We’ve had a lot of osprey visitors this year. An intruding male spent several weeks lurking just upstream but being chased away whenever he ventured too close. He was unringed so we have no idea where he came from. Perhaps he was one of Samson and Delilah’s chicks from 2015, before we started ringing them, come back to his natal area? We won’t know but it would be a nice thought. On and off throughout the summer, ospreys have regularly intruded and have been quickly chased off by our angry parent birds. As autumn migration has slowly built up we have seen that number of birds passing through and stopping off increase. A beautiful (and huge) dark faced female visited on 26 Aug. She had a leg ring on but only landed momentarily, so I didn’t get a good look at the ring. I’ve reported what I saw but haven’t had any feedback yet. Rabbie sat in a nearby tree, yelling at her in an aggressive fashion but didn’t feel brave enough to chase her away.
So, it’s a very poignant time; we can take pleasure in that it has been such a successful year but the pleasure is also tinged with sadness that they’ve gone from our view and, statistically, only one of the chicks is likely to survive to return in 2019.
We’ve got a bit of work to do before next season. Our nest builder wants to do some repair work (rather him than me; I’ll stay on the ground, thank you very much) as the back of the nest has slipped a bit. We need to make the electronics winter proof and the wiring a little more “small furry-proof” to try and stop a similar camera failure to this year as a result of a damaged cable.
However, before we know it, ospreys will be starting to travel back up north again. Our pair tend to arrive in early April and we will hopefully have the camera switched back on ready to see them when they arrive. What is particularly exciting is that this is the first year, realistically, our first ringed chicks from this site could travel north. They are unlikely to visit their old nest (and will be chased off by mum and dad if they do) but we’ll be keeping a look out and trawling through UK sightings for PW6, PW7 and PW8, better known to us as Doris, Daphne and Daisy and we’ll certainly let you know if we hear or see anything.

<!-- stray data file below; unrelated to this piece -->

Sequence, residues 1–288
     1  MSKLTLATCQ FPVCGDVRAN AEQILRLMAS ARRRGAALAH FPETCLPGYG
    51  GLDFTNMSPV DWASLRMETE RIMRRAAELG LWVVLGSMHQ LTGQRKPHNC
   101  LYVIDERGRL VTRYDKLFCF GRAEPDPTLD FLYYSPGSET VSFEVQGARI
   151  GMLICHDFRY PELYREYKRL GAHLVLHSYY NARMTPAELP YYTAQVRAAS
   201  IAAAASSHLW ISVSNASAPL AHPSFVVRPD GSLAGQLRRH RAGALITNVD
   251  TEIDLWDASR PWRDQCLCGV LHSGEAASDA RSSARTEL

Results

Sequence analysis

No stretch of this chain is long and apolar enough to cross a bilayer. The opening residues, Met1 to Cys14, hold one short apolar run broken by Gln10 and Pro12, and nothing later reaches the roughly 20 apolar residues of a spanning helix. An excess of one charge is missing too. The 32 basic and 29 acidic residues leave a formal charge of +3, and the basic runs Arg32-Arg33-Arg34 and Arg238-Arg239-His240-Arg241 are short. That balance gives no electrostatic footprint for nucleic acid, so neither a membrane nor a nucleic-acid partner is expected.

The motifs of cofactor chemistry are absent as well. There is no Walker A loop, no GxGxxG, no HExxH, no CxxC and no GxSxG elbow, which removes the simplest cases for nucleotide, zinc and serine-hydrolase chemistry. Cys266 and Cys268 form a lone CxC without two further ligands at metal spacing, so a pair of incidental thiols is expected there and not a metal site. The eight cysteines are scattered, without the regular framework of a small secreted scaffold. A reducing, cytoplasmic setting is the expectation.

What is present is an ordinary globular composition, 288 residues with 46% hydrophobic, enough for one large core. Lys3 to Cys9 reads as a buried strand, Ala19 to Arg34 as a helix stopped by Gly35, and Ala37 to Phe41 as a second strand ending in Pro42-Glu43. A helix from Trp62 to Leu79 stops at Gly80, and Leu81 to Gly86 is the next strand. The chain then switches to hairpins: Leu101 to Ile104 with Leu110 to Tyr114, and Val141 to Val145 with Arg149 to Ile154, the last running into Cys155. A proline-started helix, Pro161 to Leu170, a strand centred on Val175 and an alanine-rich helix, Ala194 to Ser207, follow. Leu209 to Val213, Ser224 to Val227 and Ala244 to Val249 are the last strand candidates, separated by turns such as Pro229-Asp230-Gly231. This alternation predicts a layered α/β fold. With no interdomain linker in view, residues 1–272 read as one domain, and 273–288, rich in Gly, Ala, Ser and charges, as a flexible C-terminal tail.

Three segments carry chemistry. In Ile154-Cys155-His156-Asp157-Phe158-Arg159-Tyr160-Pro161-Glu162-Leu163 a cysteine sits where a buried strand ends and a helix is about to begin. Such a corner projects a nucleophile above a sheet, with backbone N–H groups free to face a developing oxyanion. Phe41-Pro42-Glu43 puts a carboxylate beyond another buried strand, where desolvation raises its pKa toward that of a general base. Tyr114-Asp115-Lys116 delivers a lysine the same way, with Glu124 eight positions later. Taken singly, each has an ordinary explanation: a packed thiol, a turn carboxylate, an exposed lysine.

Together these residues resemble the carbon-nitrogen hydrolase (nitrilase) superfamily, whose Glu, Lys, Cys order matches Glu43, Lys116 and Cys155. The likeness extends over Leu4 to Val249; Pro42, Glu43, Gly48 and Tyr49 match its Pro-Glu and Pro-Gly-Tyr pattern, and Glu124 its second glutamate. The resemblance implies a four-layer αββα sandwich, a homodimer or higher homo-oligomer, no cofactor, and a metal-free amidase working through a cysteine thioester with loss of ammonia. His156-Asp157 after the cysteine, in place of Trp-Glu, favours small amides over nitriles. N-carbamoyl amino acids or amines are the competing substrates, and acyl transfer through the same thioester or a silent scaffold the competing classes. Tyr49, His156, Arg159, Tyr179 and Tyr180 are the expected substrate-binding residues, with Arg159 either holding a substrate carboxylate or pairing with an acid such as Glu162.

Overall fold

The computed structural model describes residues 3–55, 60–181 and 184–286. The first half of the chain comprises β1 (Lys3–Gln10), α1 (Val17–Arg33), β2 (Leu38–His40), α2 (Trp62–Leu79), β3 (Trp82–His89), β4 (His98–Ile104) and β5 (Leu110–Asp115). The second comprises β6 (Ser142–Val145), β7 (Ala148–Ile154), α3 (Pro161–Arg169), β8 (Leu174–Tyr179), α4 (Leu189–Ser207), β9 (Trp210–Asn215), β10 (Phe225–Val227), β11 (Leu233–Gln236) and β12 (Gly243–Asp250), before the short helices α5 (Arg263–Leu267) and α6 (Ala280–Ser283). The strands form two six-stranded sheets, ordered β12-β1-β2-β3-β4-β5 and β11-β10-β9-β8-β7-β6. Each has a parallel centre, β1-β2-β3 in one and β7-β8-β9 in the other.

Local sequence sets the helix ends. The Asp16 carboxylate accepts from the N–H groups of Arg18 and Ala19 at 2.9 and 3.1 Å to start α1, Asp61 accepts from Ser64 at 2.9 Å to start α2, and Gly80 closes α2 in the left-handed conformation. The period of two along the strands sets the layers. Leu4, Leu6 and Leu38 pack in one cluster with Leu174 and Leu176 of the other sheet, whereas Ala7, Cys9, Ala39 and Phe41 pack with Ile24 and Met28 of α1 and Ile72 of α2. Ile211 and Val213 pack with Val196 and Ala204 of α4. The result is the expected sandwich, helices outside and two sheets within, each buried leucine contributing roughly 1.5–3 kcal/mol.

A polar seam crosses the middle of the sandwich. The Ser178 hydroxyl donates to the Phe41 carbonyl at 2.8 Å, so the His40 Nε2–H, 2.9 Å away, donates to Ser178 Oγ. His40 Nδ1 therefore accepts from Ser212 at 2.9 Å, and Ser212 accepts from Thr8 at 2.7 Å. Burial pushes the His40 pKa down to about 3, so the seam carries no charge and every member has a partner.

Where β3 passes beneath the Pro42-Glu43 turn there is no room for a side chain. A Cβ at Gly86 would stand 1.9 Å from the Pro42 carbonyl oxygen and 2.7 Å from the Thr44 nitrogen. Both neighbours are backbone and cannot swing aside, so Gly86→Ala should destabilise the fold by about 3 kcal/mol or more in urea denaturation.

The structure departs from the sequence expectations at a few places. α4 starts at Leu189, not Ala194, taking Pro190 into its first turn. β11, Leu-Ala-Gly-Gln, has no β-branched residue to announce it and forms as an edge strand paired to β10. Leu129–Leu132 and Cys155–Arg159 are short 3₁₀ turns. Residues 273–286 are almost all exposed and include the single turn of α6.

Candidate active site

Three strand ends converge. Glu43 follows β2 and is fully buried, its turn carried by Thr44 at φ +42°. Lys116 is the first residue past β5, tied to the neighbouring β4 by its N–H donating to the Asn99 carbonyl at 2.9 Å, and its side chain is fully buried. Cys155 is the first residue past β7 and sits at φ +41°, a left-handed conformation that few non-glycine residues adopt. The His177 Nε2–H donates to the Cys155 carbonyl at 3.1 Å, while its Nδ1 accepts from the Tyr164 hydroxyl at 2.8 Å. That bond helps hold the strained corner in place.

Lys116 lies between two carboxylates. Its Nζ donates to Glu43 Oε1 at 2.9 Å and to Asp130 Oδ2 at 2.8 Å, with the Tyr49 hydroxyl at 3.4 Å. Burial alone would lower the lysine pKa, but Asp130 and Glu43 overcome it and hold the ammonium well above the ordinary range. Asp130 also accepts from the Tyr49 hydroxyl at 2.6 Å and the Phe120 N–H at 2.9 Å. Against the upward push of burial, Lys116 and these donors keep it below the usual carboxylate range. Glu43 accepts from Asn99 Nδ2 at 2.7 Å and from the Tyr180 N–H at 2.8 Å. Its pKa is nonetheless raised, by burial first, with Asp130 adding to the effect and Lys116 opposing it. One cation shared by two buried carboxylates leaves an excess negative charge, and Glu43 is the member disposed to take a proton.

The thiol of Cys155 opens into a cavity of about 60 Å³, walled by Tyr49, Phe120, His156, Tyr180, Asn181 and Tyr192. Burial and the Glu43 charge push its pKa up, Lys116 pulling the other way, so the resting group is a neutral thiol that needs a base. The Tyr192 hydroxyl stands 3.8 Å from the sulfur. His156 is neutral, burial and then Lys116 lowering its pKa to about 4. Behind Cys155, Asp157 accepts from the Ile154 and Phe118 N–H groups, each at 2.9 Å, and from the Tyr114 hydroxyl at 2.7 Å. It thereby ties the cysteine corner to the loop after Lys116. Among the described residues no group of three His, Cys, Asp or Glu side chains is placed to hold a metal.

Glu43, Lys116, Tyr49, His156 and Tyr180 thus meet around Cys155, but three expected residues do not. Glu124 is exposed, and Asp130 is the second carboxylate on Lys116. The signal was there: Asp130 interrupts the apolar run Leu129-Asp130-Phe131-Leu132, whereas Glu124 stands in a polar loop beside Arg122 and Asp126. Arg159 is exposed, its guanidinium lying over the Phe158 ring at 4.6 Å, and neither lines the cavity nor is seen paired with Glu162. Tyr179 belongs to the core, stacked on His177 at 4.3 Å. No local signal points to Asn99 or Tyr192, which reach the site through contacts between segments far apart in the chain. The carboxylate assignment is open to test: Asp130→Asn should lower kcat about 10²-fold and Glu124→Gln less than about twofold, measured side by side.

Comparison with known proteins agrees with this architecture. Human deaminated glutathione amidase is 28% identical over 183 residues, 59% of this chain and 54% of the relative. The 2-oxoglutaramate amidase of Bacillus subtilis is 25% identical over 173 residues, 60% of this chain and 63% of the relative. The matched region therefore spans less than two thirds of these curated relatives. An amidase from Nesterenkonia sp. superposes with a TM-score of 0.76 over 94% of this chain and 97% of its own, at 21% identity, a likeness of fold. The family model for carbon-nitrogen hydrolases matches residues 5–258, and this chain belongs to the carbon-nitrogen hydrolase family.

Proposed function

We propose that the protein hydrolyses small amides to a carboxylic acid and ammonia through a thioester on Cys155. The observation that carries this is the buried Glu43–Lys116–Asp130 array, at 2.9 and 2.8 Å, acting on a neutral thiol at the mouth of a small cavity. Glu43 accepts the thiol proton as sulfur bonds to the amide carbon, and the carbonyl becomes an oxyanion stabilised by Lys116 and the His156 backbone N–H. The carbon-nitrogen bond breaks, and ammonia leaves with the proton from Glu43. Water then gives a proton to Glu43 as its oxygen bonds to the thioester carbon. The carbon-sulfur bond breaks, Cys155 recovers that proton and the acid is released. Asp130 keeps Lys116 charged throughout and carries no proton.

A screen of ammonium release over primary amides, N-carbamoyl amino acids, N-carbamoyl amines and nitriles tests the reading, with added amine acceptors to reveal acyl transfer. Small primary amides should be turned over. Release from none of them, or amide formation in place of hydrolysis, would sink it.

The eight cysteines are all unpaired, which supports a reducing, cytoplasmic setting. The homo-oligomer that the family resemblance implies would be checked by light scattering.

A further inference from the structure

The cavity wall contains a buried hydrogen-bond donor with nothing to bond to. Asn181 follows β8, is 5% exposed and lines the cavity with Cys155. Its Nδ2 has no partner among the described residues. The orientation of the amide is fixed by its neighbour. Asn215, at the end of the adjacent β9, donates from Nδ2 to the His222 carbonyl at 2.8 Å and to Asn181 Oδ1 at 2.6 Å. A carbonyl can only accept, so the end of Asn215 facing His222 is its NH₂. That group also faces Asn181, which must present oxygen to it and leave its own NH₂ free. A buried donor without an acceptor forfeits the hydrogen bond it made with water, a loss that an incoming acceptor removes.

It just remains for me to say thank you to John, the owner of Born in the Borders, to our enthusiastic nest climber/ringer and his team and to the electronics wizards who make the camera picture “happen”. Without any one of them, we wouldn’t be privileged to see this fabulous family at such close quarters and share a small part of their lives.
Finally, my thanks to you for reading this blog and commenting, for supporting me “in the field” and chatting and for sharing my love of these birds.
My thoughts now turn to doing all the jobs that I didn’t get round to doing all summer while I was otherwise engaged with ospreys. First up is a charity Zumbathon I’m organising on 23 September. Two hours of Zumba to raise funds for Border Group Riding for the Disabled! If you’ve enjoyed what I’ve produced this year, perhaps you would consider making a donation, however small, to this cause via my Just Giving page: http://www.justgiving.com/crowdfunding/rosemary-shields
I’ll be back in the Spring as soon as I have something to report. With my best wishes to you all; let’s keep our fingers crossed for our family’s safe travels and wintering. I’ll leave with some poignant pictures of Daisy setting off on migration in 2016. Will she be one of the returnees in 2018?
3 Sep 17